Then into his life walks a Russian assassin played by Lena Olin:

Romeo055.jpg

 

She manages to turn his world and all those around her, upside down. Beautiful woman, with no remorse whatsoever. I really don't want to give too much of this away, but my favorite scene is a short one, between Olin and Oldman. They are sitting in the car, and she begins to explain her younger life and how she and this young man went out on a date and how they had to be so quiet and innocent and I was digging this, because this scene made me feel sorry for her UNTIL she looks at Oldman and says "You never forget your first." I will leave it right there...:lol:...the next shot you will say either very quietly or very loud, "Dayum, I love this bitch." This was the first movie where I saw so many vignettes wrapped into one film and it flowed smoothly. If you enjoyed "Four Rooms", you can definitely get into this film.

 

This was one of those times I was really happy to see a woman in charge of the situation; Lena's character was always one step ahead of all these men and she had no soul. She made no apologies for the way she was and yet was teaching Oldman's character so many life lessons. You have to watch this film only if you have no outside interference. You blink and you will miss plenty, trust me. I did not enjoy Juliette's performance, even though I know she was trying to show her character as someone that was sexy, I just did not see that in her. Loved the cinematography and the soundtrack. I highly recommend it.

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"Feed the hole".

 

- TB

 

Dayum TB, I just spit out my water. U badd.

 

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Such a great line.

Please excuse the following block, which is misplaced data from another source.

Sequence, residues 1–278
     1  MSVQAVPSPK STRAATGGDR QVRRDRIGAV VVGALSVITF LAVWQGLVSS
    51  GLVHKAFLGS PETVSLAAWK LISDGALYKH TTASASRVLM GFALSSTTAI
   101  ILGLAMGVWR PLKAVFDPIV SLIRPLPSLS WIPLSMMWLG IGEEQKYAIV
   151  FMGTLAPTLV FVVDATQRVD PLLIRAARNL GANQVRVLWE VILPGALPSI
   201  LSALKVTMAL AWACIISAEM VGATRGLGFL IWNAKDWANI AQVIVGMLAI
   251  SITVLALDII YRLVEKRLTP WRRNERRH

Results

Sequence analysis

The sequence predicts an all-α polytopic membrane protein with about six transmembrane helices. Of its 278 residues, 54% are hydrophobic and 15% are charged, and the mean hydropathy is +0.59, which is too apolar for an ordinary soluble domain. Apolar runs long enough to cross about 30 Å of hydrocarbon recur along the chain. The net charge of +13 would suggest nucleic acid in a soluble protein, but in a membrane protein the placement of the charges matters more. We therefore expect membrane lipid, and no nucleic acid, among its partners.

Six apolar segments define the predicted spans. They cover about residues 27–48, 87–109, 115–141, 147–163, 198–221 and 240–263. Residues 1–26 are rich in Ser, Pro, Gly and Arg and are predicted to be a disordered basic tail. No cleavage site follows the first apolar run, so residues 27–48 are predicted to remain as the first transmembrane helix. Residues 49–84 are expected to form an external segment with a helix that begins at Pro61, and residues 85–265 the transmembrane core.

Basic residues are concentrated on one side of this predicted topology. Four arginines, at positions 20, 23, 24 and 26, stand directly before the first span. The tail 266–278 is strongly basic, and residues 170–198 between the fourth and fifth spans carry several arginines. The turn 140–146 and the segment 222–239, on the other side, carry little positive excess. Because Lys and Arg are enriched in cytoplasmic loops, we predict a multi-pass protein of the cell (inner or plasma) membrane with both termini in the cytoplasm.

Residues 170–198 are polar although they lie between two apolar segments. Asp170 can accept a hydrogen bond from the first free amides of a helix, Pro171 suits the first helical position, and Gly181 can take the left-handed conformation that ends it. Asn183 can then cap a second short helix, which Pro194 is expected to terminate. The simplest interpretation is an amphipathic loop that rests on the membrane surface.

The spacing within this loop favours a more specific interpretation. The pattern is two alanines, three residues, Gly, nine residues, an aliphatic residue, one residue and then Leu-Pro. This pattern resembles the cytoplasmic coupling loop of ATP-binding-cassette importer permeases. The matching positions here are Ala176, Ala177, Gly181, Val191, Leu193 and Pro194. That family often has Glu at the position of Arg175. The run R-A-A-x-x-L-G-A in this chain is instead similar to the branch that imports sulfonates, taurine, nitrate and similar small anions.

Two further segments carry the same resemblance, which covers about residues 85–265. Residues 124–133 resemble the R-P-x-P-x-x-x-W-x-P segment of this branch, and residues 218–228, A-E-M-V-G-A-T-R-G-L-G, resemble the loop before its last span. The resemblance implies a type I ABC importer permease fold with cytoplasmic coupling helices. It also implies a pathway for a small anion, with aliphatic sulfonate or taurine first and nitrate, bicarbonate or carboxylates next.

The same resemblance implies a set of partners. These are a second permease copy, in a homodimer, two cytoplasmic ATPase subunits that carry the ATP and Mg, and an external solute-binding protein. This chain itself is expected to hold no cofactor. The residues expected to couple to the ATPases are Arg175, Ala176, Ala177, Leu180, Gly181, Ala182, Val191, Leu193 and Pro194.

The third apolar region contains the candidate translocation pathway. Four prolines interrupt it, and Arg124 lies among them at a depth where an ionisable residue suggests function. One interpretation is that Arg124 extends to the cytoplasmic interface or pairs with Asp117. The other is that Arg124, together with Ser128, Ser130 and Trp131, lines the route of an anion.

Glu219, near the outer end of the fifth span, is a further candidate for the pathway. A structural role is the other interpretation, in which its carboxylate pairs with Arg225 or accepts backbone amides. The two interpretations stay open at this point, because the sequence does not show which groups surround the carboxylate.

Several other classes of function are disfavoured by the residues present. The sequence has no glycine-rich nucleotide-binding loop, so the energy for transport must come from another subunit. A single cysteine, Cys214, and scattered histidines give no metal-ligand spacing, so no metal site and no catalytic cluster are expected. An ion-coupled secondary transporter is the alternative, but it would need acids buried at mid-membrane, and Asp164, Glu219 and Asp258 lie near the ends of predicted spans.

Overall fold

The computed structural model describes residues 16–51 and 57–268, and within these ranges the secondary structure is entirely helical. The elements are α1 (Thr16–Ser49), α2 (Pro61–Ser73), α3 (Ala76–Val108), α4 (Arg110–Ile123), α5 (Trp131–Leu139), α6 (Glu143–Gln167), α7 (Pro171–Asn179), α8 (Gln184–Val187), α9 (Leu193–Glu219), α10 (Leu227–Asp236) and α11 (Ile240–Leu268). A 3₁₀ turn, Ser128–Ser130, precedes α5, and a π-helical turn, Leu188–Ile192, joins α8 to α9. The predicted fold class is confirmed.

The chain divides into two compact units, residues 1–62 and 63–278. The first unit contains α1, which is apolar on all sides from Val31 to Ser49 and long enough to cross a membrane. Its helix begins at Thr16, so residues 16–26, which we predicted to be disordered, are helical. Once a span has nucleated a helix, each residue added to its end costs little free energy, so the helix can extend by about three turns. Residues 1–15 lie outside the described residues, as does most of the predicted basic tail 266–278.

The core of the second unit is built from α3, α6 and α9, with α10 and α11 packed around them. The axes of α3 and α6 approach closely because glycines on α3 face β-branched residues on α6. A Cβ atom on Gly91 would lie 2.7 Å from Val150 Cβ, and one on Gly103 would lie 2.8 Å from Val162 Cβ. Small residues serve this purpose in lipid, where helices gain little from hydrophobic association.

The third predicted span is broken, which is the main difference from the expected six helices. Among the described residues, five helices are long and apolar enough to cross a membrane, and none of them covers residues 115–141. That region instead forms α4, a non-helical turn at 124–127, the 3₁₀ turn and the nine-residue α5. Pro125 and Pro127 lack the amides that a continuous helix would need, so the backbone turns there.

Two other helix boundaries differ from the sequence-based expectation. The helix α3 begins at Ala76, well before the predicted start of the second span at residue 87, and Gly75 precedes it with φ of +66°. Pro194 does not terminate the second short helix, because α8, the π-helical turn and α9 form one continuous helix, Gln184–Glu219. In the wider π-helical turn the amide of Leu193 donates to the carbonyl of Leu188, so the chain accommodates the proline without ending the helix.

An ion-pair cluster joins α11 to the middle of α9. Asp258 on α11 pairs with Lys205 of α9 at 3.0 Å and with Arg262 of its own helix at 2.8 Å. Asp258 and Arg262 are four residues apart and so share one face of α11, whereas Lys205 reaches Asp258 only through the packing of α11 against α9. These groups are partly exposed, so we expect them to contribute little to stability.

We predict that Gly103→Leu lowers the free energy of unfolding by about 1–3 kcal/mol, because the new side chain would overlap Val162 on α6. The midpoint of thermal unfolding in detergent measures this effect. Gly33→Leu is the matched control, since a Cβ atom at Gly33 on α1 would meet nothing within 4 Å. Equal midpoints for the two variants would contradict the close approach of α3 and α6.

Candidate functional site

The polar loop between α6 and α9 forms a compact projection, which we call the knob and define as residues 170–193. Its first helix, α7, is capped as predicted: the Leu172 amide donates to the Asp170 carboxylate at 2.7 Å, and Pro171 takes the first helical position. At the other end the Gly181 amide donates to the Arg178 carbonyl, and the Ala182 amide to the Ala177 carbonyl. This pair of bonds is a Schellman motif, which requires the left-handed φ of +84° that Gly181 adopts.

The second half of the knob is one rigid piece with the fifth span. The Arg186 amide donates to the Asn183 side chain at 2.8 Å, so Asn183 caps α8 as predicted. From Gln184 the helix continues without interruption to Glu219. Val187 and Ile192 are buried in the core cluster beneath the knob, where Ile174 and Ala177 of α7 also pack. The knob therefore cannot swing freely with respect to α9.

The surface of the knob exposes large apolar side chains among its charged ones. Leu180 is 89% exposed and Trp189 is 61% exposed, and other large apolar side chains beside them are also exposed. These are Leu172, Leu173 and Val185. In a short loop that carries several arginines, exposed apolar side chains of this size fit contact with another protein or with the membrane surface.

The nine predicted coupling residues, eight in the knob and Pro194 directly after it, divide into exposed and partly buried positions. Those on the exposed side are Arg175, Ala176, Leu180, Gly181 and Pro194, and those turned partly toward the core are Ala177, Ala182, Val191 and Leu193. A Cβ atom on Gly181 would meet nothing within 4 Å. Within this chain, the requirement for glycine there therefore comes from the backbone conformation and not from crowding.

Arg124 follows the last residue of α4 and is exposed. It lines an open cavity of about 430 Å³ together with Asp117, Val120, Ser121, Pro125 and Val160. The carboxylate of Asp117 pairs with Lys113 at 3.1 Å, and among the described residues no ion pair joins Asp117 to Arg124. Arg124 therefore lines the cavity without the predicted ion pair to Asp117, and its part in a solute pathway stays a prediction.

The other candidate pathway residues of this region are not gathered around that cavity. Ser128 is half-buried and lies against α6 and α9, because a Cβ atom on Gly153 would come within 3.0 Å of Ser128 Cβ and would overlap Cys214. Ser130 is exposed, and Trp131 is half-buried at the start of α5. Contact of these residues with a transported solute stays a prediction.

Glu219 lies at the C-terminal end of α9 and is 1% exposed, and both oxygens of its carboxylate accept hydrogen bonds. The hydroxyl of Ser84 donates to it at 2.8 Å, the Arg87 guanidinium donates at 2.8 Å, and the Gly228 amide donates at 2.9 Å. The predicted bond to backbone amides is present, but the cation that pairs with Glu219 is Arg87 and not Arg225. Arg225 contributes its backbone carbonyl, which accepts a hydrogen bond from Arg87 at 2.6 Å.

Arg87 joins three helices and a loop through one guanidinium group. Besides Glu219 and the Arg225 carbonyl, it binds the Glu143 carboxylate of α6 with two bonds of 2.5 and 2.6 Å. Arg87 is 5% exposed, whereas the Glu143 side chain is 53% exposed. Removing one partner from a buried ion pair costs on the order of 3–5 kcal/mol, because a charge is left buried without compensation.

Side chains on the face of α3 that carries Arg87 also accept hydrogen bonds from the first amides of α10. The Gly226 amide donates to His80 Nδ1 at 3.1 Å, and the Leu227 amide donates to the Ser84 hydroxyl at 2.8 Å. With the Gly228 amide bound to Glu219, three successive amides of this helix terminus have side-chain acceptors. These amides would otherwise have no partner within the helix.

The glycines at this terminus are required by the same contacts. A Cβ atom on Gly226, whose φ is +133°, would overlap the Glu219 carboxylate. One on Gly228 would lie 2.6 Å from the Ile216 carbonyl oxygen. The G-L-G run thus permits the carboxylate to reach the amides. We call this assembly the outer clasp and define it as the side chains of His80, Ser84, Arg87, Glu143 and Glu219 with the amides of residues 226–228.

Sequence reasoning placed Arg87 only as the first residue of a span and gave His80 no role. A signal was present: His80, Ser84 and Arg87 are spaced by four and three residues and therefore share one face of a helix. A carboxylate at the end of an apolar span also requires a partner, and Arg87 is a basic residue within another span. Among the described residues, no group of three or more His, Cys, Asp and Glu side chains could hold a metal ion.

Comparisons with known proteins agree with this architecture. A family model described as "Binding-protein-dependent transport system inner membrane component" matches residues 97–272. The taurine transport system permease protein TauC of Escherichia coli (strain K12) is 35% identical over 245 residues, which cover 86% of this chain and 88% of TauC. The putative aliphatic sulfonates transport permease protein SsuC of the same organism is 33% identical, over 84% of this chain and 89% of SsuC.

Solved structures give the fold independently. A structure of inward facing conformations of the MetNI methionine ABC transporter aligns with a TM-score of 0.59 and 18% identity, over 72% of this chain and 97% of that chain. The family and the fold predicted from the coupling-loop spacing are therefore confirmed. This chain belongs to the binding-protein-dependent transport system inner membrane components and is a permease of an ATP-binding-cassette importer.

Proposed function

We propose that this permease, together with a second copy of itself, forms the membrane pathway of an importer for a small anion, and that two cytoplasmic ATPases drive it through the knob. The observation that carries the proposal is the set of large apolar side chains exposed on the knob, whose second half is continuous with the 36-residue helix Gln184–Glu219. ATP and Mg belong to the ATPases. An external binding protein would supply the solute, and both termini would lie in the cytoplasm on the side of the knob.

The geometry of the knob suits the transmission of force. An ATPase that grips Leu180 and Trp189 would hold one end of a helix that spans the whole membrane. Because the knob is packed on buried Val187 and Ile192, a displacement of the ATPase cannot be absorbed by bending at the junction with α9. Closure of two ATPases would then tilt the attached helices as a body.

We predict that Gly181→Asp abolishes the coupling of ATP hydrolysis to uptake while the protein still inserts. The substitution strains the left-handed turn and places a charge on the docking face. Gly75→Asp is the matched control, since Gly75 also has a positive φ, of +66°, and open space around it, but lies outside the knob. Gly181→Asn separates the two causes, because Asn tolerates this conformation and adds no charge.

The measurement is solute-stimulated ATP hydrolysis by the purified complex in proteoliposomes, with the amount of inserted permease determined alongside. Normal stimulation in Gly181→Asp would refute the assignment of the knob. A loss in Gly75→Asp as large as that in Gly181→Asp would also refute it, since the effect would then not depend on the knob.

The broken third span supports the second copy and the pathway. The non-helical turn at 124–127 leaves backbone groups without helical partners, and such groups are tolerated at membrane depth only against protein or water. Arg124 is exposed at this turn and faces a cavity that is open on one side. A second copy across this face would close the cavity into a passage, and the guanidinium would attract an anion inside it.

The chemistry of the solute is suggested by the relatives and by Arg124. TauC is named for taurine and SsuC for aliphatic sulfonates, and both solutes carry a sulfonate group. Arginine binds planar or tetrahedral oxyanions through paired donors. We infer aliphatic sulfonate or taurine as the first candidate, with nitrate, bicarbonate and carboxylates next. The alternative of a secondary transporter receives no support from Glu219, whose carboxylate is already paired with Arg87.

Great film too. Nice one Tiara.

I know James O'Bri will be jealous you posted it first ;)

- TB

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Certainly THEY LIVE counts!

Just watched it the other night.

It's the closest (in my opinion) that Carpenter ever came to rekindling the magic of Escape From New York.

Anti hero against all odds.

 

bprpiper.jpg

 

The score is EFNY-like too, though more deliberate in the main theme.

Definitely got the "down on his luck, working man" vibe.

Roddy Piper (mullet and all) showed that he wasn't just a one trick pony.

He was actually pretty fun to watch.

And the fight between Piper and Keith David was a classic, brutal, knock-down drag-out BRAWL!

Fun and funny too.

Carpenter regular "Buck Flowers" is classic as "The Drifter".

Keith David is always awesome (and another Carpenter alumni).

 

It's one of the last "signature" Carpenter films along with "Prince of Darkness (1987)", both created independent of the major studios by Alive Films.

Alive was a short lived production company that also produced "Shocker (1989), and Wes Craven's "The People Under The Stairs (1991)".

Though I think you can add 1995's "In the Mouth of Madness" to that signature Carpenter list. Everything between They Live and ITMOM seems to fall short, and everything since ITMOM hasn't cut the mustard either. Though his contribution to Masters Of Horror - "Cigarette Burns (2005)" makes a valiant effort.

 

Incidentally, The screenplay is credited to "Frank Armitage" which is a John Carpenter pseudonym.

For Prince Of Darkness, Carpenter used another pseudonym, "Martin Quatermass".

Not sure of the connotation of Frank Armitage, but Martin Quatermass is almost certainly a nod to author Nigel Kneale's seminal science hero "Prof. Bernard Quatermass"

Carpenter must have been a fan of the 1967 film "Quatermass and the Pit", AKA, "Five Million Years to Earth" (USA title).

 

See?

I just side-stepped my own rules.

Now you have to go rent Prince Of Darkness, AND Five Million Years to Earth!

Classic Carpenter and Classic Sci-Fi!

 

- TB

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The score is EFNY-like too, though more deliberate in the main theme.

Definitely got the "down on his luck, working man" vibe.